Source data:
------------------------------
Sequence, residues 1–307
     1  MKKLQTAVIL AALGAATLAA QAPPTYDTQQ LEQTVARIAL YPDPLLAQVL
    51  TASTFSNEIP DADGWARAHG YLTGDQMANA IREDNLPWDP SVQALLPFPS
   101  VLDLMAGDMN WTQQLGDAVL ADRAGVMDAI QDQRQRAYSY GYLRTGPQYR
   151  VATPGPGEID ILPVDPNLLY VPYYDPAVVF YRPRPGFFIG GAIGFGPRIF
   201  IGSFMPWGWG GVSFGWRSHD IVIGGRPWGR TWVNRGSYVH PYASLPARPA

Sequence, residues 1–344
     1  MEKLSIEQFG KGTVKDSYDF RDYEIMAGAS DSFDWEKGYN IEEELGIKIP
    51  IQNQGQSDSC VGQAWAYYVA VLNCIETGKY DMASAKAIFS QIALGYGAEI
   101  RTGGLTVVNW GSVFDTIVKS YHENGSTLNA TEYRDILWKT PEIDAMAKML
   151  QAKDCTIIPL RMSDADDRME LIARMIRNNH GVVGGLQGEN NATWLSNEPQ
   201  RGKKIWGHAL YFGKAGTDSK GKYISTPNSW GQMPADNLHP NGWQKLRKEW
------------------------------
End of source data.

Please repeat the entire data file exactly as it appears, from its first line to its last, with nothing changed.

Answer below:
Sequence, residues 1–307
     1  MKKLQTAVIL AALGAATLAA QAPPTYDTQQ LEQTVARIAL YPDPLLAQVL
    51  TASTFSNEIP DADGWARAHG YLTGDQMANA IREDNLPWDP SVQALLPFPS
   101  VLDLMAGDMN WTQQLGDAVL ADRAGVMDAI QDQRQRAYSY GYLRTGPQYR
   151  VATPGPGEID ILPVDPNLLY VPYYDPAVVF YRPRPGFFIG GAIGFGPRIF
   201  IGSFMPWGWG GVSFGWRSHD IVIGGRPWGR TWVNRGSYVH PYASLPARPA

Sequence, residues 1–344
     1  MEKLSIEQFG KGTVKDSYDF RDYEIMAGAS DSFDWEKGYN IEEELGIKIP
    51  IQNQGQSDSC VGQAWAYYVA VLNCIETGKY DMASAKAIFS QIALGYGAEI
   101  RTGGLTVVNW GSVFDTIVKS YHENGSTLNA TEYRDILWKT PEIDAMAKML
   151  QAKDCTIIPL RMSDADDRME LIARMIRNNH GVVGGLQGEN NATWLSNEPQ
   201  RGKKIWGHAL YFGKAGTDSK GKYISTPNSW GQMPADNLHP NGWQKLRKEW